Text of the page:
Squarespace, a website provider highly regarded among photographers, is accused of devaluing professional photography by promoting Unsplash, a free stock image library.
Unsplash is loathed by the photo industry for bringing the cost of pictures down to zero.
Contributors – photographers – upload photos to Unsplash and waive their copyright for free commercial use. In return they receive validation and dopamine hits by receiving notifications informing them how many times an image is viewed and downloaded.
Crediting and ‘thanking’ photographers is encouraged, but not mandatory. So there is an opportunity for ‘valuable exposure’.
Unsplash, meanwhile, profits from ad revenue generated by people browsing content.
Squarespace is a DIY web design platform with templates dedicated to online professional photography portfolios. While Squarespace has clients from various industries, photographers represent a large enough market to justify developing tools specifically for them.
The company also sponsors several popular photography podcasts, such as Picture This, Thomas Heaton’s vlog, Fro Knows Photo, and others.
Squarespace recently announced it has integrated the Unsplash free photo library into its system.
‘When it comes to creating a memorable online presence, adding fresh, professional imagery is absolutely crucial. However, we frequently hear from our customers that finding the right imagery is one of the biggest challenges to launching a new website,’ Squarespace says in its announcement.
‘Now, instead of putting extra time or money into creating your own visuals, now you can simply replace the demo content on your chosen template with ease. Unsplash has an active group of contributing photographers from all around the world who have generously decided to share their work with others in the broader creative community, for free. Their massive digital library offers a wide variety of premium content that you can browse as you bring your vision to life on your own website.’
Squarespace is also participating in the Unsplash Awards, an initiative to generate more free content. The photo contest has 12 categories, with winners going into a raffle for one of three $600 flight vouchers.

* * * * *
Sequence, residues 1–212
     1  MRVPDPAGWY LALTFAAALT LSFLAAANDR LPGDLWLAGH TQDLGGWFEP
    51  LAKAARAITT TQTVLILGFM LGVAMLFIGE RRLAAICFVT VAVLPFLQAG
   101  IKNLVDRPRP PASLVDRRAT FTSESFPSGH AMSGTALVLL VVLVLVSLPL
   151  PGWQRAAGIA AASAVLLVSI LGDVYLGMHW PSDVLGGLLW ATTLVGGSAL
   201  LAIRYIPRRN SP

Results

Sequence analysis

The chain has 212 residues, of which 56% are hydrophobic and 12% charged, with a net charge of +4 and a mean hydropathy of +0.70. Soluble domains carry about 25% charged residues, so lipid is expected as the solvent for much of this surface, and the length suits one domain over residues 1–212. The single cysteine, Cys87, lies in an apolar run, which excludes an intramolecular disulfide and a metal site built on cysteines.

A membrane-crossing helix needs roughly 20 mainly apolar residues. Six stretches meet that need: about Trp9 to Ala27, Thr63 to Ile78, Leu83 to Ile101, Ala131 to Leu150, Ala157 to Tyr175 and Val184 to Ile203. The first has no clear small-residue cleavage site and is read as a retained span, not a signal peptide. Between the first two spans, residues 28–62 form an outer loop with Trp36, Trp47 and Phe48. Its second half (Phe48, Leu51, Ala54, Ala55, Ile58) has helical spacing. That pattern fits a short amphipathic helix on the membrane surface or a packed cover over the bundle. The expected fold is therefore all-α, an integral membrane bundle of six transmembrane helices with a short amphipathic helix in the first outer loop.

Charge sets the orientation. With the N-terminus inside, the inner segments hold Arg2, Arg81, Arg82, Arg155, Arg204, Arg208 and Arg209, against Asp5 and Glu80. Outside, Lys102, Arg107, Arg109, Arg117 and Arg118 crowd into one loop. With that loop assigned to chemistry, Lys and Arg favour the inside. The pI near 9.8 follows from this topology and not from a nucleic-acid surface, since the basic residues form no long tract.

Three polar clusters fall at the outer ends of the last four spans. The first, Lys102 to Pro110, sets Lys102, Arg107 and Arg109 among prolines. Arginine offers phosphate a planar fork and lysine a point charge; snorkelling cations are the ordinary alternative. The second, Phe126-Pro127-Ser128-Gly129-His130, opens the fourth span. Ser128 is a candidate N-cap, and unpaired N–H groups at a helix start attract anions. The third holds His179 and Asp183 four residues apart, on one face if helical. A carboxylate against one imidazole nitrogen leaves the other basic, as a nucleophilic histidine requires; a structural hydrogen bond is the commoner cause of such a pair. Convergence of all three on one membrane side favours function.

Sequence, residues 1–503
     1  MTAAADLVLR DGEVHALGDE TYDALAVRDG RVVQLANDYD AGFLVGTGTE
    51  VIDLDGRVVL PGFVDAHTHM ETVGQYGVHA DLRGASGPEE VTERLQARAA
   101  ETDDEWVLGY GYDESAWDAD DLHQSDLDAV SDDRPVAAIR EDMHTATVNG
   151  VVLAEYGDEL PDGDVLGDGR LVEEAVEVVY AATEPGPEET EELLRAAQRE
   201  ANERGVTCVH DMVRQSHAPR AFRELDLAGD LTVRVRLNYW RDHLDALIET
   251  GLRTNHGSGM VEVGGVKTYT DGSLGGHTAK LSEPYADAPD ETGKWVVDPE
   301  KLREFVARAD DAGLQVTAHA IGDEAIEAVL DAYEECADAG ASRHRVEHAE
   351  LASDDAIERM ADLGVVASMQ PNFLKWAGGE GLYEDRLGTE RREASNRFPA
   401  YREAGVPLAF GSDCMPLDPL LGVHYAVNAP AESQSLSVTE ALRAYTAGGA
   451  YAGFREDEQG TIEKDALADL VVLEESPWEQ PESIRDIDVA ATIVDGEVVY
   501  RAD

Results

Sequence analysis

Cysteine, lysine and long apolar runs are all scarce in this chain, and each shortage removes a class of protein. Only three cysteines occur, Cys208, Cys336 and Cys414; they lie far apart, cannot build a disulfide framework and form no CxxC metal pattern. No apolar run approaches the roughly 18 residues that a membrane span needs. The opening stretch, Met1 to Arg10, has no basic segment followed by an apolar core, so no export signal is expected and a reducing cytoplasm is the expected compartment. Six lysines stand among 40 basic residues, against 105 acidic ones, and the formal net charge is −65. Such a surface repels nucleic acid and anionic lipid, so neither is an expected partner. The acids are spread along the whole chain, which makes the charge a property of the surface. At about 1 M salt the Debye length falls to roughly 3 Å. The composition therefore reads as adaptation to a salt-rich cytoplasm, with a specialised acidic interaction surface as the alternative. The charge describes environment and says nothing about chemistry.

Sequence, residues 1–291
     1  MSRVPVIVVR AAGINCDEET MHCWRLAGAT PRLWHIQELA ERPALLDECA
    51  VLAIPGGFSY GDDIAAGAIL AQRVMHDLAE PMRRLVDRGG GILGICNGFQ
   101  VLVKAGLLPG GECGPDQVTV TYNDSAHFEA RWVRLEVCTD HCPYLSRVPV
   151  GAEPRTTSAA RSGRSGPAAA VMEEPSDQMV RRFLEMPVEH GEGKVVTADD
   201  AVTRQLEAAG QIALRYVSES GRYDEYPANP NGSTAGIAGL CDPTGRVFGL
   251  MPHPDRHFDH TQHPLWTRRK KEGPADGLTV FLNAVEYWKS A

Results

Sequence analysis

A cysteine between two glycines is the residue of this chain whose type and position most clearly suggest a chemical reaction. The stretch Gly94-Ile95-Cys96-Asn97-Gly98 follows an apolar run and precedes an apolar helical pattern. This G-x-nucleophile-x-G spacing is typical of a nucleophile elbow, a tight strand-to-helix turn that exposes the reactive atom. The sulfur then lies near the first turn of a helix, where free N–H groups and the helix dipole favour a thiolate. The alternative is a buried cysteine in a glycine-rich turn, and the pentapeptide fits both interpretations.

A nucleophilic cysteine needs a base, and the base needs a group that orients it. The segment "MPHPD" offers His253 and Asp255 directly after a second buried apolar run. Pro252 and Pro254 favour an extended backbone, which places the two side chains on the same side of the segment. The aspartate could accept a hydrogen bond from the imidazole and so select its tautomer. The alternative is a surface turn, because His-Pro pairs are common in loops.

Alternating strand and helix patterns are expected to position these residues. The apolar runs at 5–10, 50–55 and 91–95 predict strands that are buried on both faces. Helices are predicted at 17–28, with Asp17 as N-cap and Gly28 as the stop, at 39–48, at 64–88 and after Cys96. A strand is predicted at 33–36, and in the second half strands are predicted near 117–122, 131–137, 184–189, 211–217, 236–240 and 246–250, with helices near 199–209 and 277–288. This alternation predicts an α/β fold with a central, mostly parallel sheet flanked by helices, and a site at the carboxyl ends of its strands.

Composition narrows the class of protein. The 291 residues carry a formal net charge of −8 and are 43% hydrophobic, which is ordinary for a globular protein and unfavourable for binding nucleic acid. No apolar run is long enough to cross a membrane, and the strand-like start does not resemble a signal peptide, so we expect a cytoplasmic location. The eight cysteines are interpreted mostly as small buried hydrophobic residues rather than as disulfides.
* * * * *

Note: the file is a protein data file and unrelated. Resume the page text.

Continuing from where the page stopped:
That’s right, the winners have a one in four chance of bagging an actual prize – quite sad given the awards boast 36 partners, including successful companies like Peak Design, Weebly, Pinterest, Medium, and Flipboard.
Some photographers feel the company doesn’t care for the viability of professional photography by buddying up with Unsplash. The partnership is viewed as a kick in the guts to the photography community.
Hi Squarespace, as a working photographer, stock photographer, artist who’s been using SS almost since you started, seeing you promo this site is deeply insulting to the photography community you have so actively shout about supporting.
— James Tarry 🇪🇺 (@JT__photography) November 16, 2018
A handful of the 90+ comments:
David Hobby: I’m surprised and saddened that a company that actively markets to pro photographers would so easily throw them under the bus like this. I have used your company in the past. I never will again.
Pete Halvorsen: My idea for my site was to sell images and my services as a photographer. I’m out. Can’t stand by this decision to further devalue photographers work. Actively looking for a new space for my website.
Daniel Boud: What a way to instantly trash your previously good reputation in the professional photography community.
Cameron Whitman: This move is very disappointing, but it also fills me with regret. I’ve mentored countless photographers and advised them to use Squarespace. I’ve endorsed SS on a podcast I co-host. I’ve been a user for five years. This move changes everything for me.
Dan Hawk: I know that you’re getting a lot of flak on Twitter and other Social media channels for this already, but I wanted to let you know, as a professional commercial photographer and a five-year customer, I’m disappointed. Offering free images from a site that most pro photographers find problematic from a devaluing, licensing and release management perspective is incredibly shortsighted. Literally, by offering free imagery, your actions say that you don’t value professional photography and neither should your customers.
Katie Osborn: Way to further devalue photography👌🏻 Excuse me I’m gonna go find a free website host now.
The DIY web design industry is reasonably competitive, with Squarespace up against the likes of Photoshelter, SmugMug, Format, Zenfolio, Wix, and others.